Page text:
Evolving Approaches for Controlling Liver Metastases in CRC - Episode 4
The molecular pathology must be considered when determining optimal treatments for individuals with colorectal cancer, says Volker Heinemann, MD, as those with RAS wild-type disease are likely to receive an EGFR-based therapy, such as cetuximab or panitumumab, in addition to their combination chemotherapy regimen, such as FOLFOX or FOLFIRI. Clinical trials have demonstrated that the addition of anti-EGFR therapy in individuals with RAS wild-type tumors significantly prolongs overall survival, states Marwan Fakih, MD. However, there is unclear evidence supporting a specific sequence of anti-EGFR therapy in the first-, second-, and third-line disease settings.
Phase III clinical trials, namely FIRE-3 and CALGB 80405, have demonstrated that patients with RAS wild-type CRC who received combination chemotherapy with anti-EGFR therapy had a deeper clinical response compared with those who received chemotherapy and bevacizumab, states Fakih. Although the studies did not find a survival benefit with the chemotherapy/EGFR-inhibitor combination, this deeper clinical response could impact the resectability of the disease.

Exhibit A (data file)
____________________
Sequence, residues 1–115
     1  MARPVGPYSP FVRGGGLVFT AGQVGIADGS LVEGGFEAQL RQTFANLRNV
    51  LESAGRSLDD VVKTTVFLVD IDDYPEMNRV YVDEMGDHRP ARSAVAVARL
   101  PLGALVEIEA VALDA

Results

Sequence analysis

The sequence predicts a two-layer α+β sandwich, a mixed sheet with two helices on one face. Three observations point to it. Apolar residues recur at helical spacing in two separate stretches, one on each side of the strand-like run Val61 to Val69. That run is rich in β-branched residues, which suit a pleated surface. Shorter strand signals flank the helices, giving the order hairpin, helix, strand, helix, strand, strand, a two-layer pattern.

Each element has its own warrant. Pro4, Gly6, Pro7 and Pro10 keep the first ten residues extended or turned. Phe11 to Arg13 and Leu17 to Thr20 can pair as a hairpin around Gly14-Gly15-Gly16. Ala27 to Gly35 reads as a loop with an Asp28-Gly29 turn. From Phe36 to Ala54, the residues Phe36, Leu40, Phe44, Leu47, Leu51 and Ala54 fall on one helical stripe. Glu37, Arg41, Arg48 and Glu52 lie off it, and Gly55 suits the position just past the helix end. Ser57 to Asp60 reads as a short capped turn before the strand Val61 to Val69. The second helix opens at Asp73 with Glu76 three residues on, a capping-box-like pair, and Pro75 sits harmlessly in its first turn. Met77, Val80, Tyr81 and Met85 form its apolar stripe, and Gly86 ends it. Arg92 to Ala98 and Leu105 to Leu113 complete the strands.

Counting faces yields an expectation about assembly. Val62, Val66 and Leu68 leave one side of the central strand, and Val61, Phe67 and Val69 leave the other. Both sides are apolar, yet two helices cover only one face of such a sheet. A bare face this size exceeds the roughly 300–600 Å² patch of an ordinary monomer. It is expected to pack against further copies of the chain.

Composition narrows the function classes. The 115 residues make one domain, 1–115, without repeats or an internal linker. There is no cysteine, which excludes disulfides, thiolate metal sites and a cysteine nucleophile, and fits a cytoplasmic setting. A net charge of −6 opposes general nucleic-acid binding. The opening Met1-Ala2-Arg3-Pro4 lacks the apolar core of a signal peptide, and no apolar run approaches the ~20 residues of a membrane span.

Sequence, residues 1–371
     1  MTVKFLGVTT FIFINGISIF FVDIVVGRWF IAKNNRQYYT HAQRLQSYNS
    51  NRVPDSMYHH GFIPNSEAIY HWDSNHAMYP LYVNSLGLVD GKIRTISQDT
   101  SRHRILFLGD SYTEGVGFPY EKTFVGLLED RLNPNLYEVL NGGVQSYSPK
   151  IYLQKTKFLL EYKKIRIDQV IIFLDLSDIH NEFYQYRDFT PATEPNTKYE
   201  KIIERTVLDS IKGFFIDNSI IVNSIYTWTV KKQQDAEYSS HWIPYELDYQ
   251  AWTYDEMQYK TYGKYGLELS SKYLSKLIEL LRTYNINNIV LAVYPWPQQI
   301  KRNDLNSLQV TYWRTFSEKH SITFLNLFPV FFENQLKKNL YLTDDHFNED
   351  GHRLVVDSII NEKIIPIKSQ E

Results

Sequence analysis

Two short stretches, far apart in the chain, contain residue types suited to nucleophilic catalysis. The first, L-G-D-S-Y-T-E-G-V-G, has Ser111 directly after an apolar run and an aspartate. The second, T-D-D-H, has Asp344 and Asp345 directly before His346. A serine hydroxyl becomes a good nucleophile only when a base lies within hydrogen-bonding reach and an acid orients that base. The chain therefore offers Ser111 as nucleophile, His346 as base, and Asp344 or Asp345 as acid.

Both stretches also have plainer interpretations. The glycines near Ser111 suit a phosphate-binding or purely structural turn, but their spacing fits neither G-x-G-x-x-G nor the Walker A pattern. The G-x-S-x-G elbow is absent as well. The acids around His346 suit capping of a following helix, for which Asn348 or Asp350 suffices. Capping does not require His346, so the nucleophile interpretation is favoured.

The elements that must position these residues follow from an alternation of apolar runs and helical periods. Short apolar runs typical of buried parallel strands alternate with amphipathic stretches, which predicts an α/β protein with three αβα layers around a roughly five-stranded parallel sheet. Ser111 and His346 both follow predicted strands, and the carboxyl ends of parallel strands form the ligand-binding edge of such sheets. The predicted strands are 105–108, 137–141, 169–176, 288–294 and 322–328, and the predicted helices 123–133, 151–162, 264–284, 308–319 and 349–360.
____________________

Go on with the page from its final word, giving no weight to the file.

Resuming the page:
In the large 80405 study, among patients with RAS wild-type CRC the median overall survival was 31.2 months with chemotherapy plus bevacizumab and 32.0 months with chemotherapy plus cetuximab. Additionally, a difference was not noted in disease-free survival and progression-free survival. However, more patients treated with cetuximab had no evidence of disease following surgery.
Individuals positive for a RAS mutation do not benefit from anti-EGFR therapy and typically receive antiangiogenic agents in combination with chemotherapy as first-line and second-line treatment. The BRAF-positive population is a small group that typically exhibits more refractory disease, says Fakih. These individuals typically require aggressive chemotherapy and would benefit from enrolling in clinical trials, comments Fakih.